- 40 of these 125 sites are in “high” or “very high” water stress regions, as determined by the World Business Council for Sustainable Development’s (WBCSD) Global Water Tool.
Modeled after our Energy Scorecard, we have created a Water Scorecard to guide the tracking and management of water usage at our facilities and to identify water-saving opportunities using an intuitive grading system. The AT&T Water Scorecard utilizes the WBCSD Global Water Tool to evaluate water risk for the next 5 years.Through our Water Scorecard, we evaluated our top 125 water-consuming sites and other strategic locations at the facility level across the country and found that cooling towers, which use evaporation to begin the mechanical cooling cycle, provide our greatest opportunities for water-savings and financial return. These pieces of equipment, which help chill large buildings, account for 28% of an office building’s daily water use on average 3 3 https://19january2017snapshot.epa.gov/greeningepa/water-conservation-epa_.html — and they account for an even larger nonpage in electronics-laden buildings such as data centers.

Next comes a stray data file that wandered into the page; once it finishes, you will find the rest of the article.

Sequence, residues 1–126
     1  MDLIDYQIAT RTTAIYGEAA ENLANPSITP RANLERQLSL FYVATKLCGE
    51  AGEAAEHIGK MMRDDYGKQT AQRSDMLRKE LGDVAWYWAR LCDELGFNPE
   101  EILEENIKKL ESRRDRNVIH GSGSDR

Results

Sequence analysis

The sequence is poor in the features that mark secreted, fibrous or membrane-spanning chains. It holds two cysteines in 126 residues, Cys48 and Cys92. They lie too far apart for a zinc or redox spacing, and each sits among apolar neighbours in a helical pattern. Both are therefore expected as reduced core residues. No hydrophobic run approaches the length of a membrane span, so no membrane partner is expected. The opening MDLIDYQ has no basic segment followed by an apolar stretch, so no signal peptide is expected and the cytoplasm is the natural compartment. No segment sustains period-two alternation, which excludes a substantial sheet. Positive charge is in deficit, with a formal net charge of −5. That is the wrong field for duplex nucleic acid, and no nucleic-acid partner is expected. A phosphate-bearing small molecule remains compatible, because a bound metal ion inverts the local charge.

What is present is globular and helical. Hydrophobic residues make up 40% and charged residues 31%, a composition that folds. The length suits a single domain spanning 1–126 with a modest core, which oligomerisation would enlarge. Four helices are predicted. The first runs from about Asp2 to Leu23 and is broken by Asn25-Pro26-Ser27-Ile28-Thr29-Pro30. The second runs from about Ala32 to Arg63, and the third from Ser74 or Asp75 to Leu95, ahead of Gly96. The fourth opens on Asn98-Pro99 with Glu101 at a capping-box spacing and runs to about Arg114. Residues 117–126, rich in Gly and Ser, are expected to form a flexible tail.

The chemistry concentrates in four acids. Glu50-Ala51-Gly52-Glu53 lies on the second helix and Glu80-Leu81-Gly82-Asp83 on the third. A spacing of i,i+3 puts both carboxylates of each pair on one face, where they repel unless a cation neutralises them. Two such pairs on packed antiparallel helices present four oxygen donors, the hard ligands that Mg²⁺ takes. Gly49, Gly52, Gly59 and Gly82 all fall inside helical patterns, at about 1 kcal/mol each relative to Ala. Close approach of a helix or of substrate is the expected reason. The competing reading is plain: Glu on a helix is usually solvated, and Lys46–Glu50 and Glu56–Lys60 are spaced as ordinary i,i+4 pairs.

Water GoalWe are committed to reducing the water consumption of our company relative to data growth on our network by 60% by 2020 (using a 2013 baseline). 4 4 For the purposes of tracking progress toward our goal, we are holding refrigerants, engines and portable generators steady in an effort to align performance with actual emissions changes and avoid an inaccurate representation of our progress. Since 2013, when we set our first water goals, we have seen cumulative water savings of 510 million gallons. In addition, we realized 769 million kWh of annualized electricity savings associated with the introduction of free-air cooling projects and the reduction of mechanical refrigeration. The reduction of mechanical refrigeration is important to include, as those technologies consume a great deal of water.